After months of campaigning, conjecturing, and speculating the results of the 2012 federal by-elections are in, and … drum roll, please … on the face of it, nothing has changed.
In Durham, Ontario, Conservative Erin O'Toole was elected to replace Conservative Bev Orange … err, rather Bev Oda. In Calgary Centre, Alberta, Conservative Joan Crockatt was elected to replace Conservative Lee Richardson who resigned to join Alison Redford's provincial Tory administration. And in Victoria, British Columbia, New Democrat Murray Rankin was elected to replace outgoing New Democrat Denise Savoie who stepped down for health reasons.
Despite this, there has been an exceptional degree of interest in the results of these by-elections. As is frequently the case, they are seen as an interim political barometer reflecting how the public is inclining towards the government in the interregnum between federal elections. In 2012, particular interest was focused on both the Calgary Centre and Victoria ridings where there was the sense of unconventional political currents being at play. What, in fact, do the 2012 electoral results tell us about the current political temperature?
Over the past six years in Durham relatively little has changed. Conservative numbers have largely remained stable in the 50 per cent range, indicating that no matter what degree of competence/incompetence is exhibited by the Harper Conservatives and their representatives, the majority of Durham voters will reliably fail to pay attention and will continue to vote Tory blue. In the 2011 federal election, the Liberals and NDP exchanged second and third places, and the gap increased in 2012 in favour of the NDP. But, with an absolute majority in Durham, the opposition parties are of no immediate threat to the Conservatives, either individually or en masse.
In Calgary, a very unusual dynamic came into play with the Liberal's Harvey Locke and the Green's Chris Turner increasing their party's support dramatically (1.9- and 2.3-fold respectively) at the expense of both the Conservatives (represented by Joan Crockatt) and the NDP (represented by Dan Meades). Clearly, a large number of political factors were responsible including the lackluster performance of Crockatt and her previous support of the Wildrose Party, the excellent campaigns, experience, and personal qualities of Locke and Turner, the changing composition of the constituency, etc. However, at the end of the day, all this political foment with the Liberal, Green, and NDP parties, who collectively polled 62.1 per cent of the vote, has led to naught since the Conservatives with 36.9 per cent, take home the political cake.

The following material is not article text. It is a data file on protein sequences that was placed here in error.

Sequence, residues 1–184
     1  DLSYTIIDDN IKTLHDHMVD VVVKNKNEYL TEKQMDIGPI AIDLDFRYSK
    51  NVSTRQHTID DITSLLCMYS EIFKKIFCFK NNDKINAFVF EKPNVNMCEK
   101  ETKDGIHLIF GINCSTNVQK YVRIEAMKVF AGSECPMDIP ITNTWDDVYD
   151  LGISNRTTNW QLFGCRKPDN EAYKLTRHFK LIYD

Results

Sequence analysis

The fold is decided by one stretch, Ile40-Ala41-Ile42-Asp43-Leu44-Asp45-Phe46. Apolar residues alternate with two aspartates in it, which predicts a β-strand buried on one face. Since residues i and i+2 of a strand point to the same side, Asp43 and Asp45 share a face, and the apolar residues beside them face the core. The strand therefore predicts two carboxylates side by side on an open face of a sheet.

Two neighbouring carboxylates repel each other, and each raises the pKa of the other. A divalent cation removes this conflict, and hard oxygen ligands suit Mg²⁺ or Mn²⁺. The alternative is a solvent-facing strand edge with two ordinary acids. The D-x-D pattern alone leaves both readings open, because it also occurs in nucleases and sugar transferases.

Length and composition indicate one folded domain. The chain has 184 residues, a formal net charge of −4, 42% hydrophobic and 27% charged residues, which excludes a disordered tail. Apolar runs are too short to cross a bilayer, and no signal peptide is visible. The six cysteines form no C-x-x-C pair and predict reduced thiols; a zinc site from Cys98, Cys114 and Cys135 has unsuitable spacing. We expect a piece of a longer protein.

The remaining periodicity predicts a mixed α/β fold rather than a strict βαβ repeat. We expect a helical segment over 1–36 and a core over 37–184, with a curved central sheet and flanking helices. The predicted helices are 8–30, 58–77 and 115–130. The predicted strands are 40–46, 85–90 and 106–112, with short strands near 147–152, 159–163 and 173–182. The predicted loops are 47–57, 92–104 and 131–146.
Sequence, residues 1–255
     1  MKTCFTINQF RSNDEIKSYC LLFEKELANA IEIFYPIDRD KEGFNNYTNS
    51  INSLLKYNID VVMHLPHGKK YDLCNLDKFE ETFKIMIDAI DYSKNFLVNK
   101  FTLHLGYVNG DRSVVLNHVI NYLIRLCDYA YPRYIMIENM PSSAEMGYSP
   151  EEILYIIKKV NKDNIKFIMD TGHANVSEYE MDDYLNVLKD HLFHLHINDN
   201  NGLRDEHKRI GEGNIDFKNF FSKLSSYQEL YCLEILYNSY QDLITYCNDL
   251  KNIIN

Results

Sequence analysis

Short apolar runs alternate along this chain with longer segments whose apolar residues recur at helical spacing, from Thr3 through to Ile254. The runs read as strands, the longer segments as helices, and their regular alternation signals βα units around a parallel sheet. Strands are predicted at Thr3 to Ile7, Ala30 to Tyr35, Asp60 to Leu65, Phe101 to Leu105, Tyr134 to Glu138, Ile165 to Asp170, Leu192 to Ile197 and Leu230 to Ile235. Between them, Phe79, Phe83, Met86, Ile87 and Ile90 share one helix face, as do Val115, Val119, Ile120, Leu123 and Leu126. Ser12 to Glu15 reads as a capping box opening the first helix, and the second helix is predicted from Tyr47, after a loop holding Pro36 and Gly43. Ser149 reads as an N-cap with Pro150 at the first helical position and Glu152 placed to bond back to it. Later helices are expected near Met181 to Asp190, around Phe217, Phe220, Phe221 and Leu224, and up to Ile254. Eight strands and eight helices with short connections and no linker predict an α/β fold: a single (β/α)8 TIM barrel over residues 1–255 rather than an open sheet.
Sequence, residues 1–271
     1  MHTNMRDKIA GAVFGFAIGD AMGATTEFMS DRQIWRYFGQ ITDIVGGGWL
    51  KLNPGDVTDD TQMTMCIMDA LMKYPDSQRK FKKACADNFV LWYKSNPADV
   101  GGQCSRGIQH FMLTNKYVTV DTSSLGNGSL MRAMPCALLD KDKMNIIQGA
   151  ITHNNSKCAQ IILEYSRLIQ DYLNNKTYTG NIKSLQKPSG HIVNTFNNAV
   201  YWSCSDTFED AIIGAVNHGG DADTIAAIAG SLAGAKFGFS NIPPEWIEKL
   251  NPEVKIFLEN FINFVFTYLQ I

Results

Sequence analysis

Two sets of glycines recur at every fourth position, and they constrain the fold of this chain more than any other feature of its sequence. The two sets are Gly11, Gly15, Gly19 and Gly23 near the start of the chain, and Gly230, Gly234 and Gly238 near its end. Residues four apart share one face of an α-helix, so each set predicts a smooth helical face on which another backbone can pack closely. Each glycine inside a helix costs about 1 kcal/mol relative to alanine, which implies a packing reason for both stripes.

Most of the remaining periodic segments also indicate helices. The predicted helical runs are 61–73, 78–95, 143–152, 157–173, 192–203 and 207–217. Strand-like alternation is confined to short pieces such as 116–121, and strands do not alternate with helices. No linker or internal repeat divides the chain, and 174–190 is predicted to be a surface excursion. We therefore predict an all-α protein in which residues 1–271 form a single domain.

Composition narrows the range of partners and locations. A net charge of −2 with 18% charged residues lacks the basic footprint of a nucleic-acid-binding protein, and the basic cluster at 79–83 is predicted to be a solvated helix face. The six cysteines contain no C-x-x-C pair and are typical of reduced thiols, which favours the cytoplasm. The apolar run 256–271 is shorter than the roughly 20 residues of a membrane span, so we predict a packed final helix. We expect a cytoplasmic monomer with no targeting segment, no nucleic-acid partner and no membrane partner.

In Victoria the political fortunes of the Conservatives and Liberals have continued to decline. The dramatic difference in the 2012 by-election was the tremendous increase in Green Party support from 11.6 per cent in 2011 to 34.3 per cent in 2012. The election teetered back and forth all evening between the NDP's Murray Rankin (a University of Victoria law professor) and the Green's Donald Galloway (another University of Victoria law professor) in a hard-fought and close contest. Both are highly qualified candidates with strong support in the riding, and both benefited from campaigning by their respective party leaders. The by-election was ultimately won by the NDP with 37.2 per cent of the vote.
While this contest makes for entertaining political jockeying, in terms of a larger Canadian political calculus, it makes little difference if the riding of Victoria is represented in a majority Conservative Parliament by a progressive environmental law professor of orange political stripe, or a progressive citizenship law professor of green political stripe. Seen through another lens, so long as Canada labours under an antiquated first-past-the post electoral system, this heated internecine contest between fellow progressives plays into vote-fragmentation and the divide-and-conquer political strategy of the Harper Conservatives. It doesn't lead to substantive political change.
If this set of by-elections pre-sage anything, it is that if progressives of all stripes don't find practical and effective strategies for surmounting vote fragmentation, there is every possibility that the Harper Conservatives could ride up the middle in 2015 and win yet another majority government, despite the majority of Canadians opposing their policies. Political contests are important, but only if they carry with them the tangible possibility of the expression of the political philosophies that are in contention. Otherwise they amount to little more than academic political exercises.
One final set of data offers a cautionary note on how much one can read into the results of by-elections. The graph above shows how dramatically lower voter turnout was in all three of the November, 2012 by-elections compared to the typical results in these ridings during a federal election. The turnout (of registered voters) in 2012 was 35.8 per cent in Durham, 29.4 per cent in Calgary Centre, and 43.9 per cent in Victoria, a much smaller fraction of eligible voters than normally shows up at the polls even in Canada's anemic elections (61.1 per cent of eligible voters turned out in 2011).
Christopher Majka is an ecologist, environmentalist, policy analyst, and writer. He is a research associate of the Canadian Centre for Policy Alternatives-NS and director of Democracy: Vox Populi.